Deep Learning: It's Not Too Good to Be True - It's Genuine Progress

Deep learning has come on leaps and bounds in recent years and is fast-tracked to becoming one of the most revolutionary technologies in cybersecurity. As a subset of artificial intelligence (AI), deep learning is often confused with associated technologies like machine learning (ML). Still, its capabilities go above and beyond these less advanced solutions.

While some have previously turned their noses up at deep learning, most are now recognizing the future of the technology and the value it holds in preventative approaches to cybersecurity. Everything must start somewhere. After all, Netflix, Spotify and Tesla were all disregarded at some point in their development. Yet, they are now some of the most well-known billion-dollar brands using deep learning in the world.

As threats against organizations continue to rise, especially adversarial AI and ransomware, deep learning and its prevention mantra is crucial. It’s time for businesses to look beyond the market hype and recognize the genuine progress being made in front of them.

What Makes Deep Learning Different?

The first thing to clarify is that deep learning is not the same as ML. Yes, they are both subsets of AI, but that is where the likeness ends. ML relies far more on human interaction and uses manual, supervised datasets. While this technology ultimately cuts down the number of human resources allocated to its maintenance, it still requires workers to input data over time. Furthermore, by using pre-classified, engineered data, ML is far more susceptible to compromise.

Deep learning is designed to bypass these known weaknesses of ML. Imitating the model of a human brain, deep learning runs off raw datasets and independently learns to recognize malicious code, meaning it can later identify incoming attacks before they get the chance to land. While this technology requires huge amounts of raw data during the ‘training’ stages, ultimately, the more data fed into the system, the smarter it will become.

Why Deep Learning Succeeds Where Others Fail

There has been a hype around ML and its revolutionary capabilities for years, but this has lit up a beacon for cyber-criminals. Now, they’ve cracked the code. Threat actors can now hijack business ML systems, tamper with the datasets before input and reverse the malicious and benign labels, causing endless havoc for the organization. They can also go one step further and create backdoors to networks, giving them easy access to the system whenever they want.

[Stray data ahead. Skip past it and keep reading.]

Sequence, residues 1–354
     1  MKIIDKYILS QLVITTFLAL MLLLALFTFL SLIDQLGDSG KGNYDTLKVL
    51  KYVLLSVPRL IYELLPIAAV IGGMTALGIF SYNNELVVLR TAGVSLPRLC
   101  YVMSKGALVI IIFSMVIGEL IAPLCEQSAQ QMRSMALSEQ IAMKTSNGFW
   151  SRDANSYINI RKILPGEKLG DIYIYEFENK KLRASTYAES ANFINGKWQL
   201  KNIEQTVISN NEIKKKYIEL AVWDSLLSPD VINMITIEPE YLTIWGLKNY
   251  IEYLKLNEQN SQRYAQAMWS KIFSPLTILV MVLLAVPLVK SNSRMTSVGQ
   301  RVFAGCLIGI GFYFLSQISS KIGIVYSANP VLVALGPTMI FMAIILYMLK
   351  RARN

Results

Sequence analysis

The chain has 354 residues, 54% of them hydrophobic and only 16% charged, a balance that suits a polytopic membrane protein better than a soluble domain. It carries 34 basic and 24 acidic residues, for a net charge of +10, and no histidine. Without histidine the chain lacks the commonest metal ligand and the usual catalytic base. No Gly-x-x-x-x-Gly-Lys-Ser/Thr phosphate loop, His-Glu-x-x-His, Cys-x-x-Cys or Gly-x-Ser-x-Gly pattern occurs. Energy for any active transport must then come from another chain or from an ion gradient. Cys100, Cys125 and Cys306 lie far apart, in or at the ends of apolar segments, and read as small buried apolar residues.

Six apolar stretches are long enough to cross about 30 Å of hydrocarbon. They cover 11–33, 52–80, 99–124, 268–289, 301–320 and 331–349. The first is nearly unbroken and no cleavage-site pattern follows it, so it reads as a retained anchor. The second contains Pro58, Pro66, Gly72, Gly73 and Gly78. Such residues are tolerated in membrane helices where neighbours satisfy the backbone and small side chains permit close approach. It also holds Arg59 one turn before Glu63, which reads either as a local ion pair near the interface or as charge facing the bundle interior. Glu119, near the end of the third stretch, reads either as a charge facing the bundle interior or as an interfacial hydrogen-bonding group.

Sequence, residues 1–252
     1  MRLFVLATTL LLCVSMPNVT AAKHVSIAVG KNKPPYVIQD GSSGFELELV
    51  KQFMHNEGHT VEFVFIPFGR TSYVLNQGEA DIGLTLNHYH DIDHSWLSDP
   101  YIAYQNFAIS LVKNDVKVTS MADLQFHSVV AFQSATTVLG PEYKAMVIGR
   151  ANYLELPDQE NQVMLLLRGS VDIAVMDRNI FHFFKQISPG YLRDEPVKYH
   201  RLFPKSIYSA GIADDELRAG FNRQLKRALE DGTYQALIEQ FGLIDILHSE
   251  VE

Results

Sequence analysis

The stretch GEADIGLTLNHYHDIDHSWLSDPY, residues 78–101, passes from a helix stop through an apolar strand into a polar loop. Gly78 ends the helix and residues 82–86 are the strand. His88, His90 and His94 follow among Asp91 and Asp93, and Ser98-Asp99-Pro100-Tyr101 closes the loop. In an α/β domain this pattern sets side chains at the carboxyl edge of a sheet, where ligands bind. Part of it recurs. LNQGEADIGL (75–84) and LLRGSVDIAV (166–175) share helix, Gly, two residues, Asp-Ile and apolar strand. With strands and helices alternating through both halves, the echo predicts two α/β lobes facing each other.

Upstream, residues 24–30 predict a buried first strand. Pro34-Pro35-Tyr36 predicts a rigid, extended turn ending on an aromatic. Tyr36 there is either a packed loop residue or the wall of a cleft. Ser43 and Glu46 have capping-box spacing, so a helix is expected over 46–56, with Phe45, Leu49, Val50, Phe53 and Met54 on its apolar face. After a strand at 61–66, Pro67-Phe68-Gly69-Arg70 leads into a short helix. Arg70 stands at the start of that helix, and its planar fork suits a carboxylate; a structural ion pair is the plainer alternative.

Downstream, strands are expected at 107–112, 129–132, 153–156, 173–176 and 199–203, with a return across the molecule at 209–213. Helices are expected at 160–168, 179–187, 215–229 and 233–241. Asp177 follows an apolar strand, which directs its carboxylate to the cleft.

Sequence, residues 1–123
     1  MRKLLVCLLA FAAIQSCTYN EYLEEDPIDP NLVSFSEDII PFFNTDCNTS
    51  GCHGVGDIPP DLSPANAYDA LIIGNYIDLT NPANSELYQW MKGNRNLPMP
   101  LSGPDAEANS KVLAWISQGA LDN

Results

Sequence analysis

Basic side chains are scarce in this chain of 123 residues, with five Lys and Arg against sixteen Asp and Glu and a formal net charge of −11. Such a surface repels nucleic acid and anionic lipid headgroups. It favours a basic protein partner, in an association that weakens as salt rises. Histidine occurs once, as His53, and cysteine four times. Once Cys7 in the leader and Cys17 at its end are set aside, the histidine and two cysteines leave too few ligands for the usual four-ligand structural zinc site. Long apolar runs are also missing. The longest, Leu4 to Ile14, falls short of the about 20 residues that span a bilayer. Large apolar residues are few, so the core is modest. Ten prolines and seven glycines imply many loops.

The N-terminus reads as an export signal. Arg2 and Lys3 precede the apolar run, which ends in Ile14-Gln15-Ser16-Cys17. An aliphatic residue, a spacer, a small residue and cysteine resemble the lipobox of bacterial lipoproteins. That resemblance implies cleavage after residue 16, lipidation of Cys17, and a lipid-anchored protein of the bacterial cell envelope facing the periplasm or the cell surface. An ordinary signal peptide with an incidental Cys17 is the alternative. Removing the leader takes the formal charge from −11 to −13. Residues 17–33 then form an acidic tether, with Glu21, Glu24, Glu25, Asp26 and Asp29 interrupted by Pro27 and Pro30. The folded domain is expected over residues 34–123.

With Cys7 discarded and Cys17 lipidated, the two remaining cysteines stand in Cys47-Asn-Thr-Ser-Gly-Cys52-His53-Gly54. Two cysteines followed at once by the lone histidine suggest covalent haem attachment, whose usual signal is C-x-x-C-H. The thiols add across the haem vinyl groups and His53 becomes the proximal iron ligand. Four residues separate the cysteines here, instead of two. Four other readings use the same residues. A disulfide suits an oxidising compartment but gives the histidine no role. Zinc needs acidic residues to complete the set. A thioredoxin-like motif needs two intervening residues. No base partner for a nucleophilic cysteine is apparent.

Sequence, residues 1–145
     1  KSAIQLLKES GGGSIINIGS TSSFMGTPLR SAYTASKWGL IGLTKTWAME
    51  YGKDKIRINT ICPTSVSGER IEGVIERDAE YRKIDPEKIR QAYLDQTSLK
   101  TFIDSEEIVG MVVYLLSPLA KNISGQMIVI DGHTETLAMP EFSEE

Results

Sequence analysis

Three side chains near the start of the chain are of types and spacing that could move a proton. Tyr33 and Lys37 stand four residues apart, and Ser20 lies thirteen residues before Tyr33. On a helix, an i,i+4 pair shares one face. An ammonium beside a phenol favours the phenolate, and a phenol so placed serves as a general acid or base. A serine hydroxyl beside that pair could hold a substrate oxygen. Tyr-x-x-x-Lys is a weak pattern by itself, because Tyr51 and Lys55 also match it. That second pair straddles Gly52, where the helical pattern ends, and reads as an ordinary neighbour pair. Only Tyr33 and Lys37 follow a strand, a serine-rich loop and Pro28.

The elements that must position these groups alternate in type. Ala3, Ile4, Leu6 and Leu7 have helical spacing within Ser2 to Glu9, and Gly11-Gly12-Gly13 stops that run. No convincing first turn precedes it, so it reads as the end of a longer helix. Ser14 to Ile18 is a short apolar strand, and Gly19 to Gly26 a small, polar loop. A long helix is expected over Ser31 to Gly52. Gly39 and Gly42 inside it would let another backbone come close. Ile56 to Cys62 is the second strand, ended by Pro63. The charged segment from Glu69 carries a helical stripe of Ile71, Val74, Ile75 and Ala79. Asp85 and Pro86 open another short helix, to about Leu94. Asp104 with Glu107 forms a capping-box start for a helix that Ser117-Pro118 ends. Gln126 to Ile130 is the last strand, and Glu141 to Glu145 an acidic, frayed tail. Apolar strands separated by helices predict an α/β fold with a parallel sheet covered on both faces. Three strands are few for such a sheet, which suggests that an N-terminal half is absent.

By learning on large volumes of raw data, deep learning is far more resistant to any form of compromise and manipulation. Whereas ML can only process and recognize the malicious and benign code input by workers, deep learning instinctively learns over time and facilitates a more preventative approach to cybersecurity, rather than a reactive one.

Deep learning is not a new concept. It has existed for many years but has only recently made its way into the mainstream thanks to advancements in technology such as graphics processing units (GPU). Now, world-renowned companies like Amazon, Tesla and Google are investing in deep learning to strengthen and further their capabilities, with other use cases including self-driving cars and revolutionary medical research. These companies are using some of the six deep learning frameworks that exist in the world today. However, we are the only ones using the cybersecurity framework.

Prevention Over Mitigation 

Most cybersecurity solutions today are focused on mitigating the effects of a breach rather than preventing them from happening in the first place. With deep learning, businesses can finally move away from the traditional detection and response procedures and prevent attacks before they take place. After all, you want security protection to take place before the burglar enters your home, not after they’ve started ransacking your living room.

Deep learning is designed to integrate with existing security stacks so organizations avoid the hassle of replacing existing technology. As well as strengthening the company security posture, deep learning helps streamline processes and frees up employee time. For example, once integrated, the technology reduces the number of alerts received by the security team each week by 25% or more. Therefore, less time is wasted on false positives.

Not Hype, but the Future

The market is constantly flooded with news of revolutionary tech that will save the day. Let’s face it; the cybersecurity landscape will remain as unpredictable as ever. Yet, deep learning greatly improves a business’ chances against incoming threats. Unfortunately, deep learning is quickly becoming a market buzzword like so many other valuable technologies. It’s vital that organizations avoid this misleading hype by grasping what this technology is truly capable of and how it works.

Typically, when something seems too good to be true, it usually is. Yet, not when it comes to deep learning.

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